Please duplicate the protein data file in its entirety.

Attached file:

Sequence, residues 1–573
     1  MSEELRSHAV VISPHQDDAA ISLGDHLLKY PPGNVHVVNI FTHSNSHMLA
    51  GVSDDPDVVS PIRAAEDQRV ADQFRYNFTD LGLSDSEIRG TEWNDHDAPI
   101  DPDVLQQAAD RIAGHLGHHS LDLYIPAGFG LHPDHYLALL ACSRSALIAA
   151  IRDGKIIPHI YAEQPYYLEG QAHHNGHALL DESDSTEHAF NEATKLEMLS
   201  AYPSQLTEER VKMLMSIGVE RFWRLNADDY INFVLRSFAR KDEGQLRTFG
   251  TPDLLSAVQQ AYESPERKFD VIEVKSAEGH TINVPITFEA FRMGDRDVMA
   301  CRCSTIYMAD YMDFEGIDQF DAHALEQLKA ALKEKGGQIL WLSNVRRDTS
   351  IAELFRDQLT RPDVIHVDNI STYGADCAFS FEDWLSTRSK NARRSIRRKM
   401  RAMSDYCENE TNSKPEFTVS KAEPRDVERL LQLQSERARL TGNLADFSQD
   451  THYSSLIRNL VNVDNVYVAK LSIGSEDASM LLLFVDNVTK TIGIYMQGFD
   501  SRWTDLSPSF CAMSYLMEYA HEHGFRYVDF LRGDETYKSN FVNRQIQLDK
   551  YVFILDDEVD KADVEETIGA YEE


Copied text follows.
Sequence, residues 1–573
     1  MSEELRSHAV VISPHQDDAA ISLGDHLLKY PPGNVHVVNI FTHSNSHMLA
    51  GVSDDPDVVS PIRAAEDQRV ADQFRYNFTD LGLSDSEIRG TEWNDHDAPI
   101  DPDVLQQAAD RIAGHLGHHS LDLYIPAGFG LHPDHYLALL ACSRSALIAA
   151  IRDGKIIPHI YAEQPYYLEG QAHHNGHALL DESDSTEHAF NEATKLEMLS
   201  AYPSQLTEER VKMLMSIGVE RFWRLNADDY INFVLRSFAR KDEGQLRTFG
   251  TPDLLSAVQQ AYESPERKFD VIEVKSAEGH TINVPITFEA FRMGDRDVMA
   301  CRCSTIYMAD YMDFEGIDQF DAHALEQLKA ALKEKGGQIL WLSNVRRDTS
   351  IAELFRDQLT RPDVIHVDNI STYGADCAFS FEDWLSTRSK NARRSIRRKM
   401  RAMSDYCENE TNSKPEFTVS KAEPRDVERL LQLQSERARL TGNLADFSQD
   451  THYSSLIRNL VNVDNVYVAK LSIGSEDASM LLLFVDNVTK TIGIYMQGFD
   501  SRWTDLSPSF CAMSYLMEYA HEHGFRYVDF LRGDETYKSN FVNRQIQLDK
   551  YVFILDDEVD KADVEETIGA YEE